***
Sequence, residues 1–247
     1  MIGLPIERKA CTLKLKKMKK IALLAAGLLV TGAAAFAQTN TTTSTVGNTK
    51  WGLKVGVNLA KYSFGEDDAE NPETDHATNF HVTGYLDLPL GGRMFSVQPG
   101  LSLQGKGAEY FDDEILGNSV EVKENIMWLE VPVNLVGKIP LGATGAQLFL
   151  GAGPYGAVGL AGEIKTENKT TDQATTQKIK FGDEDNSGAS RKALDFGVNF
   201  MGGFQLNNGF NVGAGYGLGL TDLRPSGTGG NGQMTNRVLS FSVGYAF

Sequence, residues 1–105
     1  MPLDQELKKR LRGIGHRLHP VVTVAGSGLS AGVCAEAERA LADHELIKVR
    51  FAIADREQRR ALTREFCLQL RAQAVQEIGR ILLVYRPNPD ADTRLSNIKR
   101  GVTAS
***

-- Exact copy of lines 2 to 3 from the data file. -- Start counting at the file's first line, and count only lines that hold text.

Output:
     1  MIGLPIERKA CTLKLKKMKK IALLAAGLLV TGAAAFAQTN TTTSTVGNTK
    51  WGLKVGVNLA KYSFGEDDAE NPETDHATNF HVTGYLDLPL GGRMFSVQPG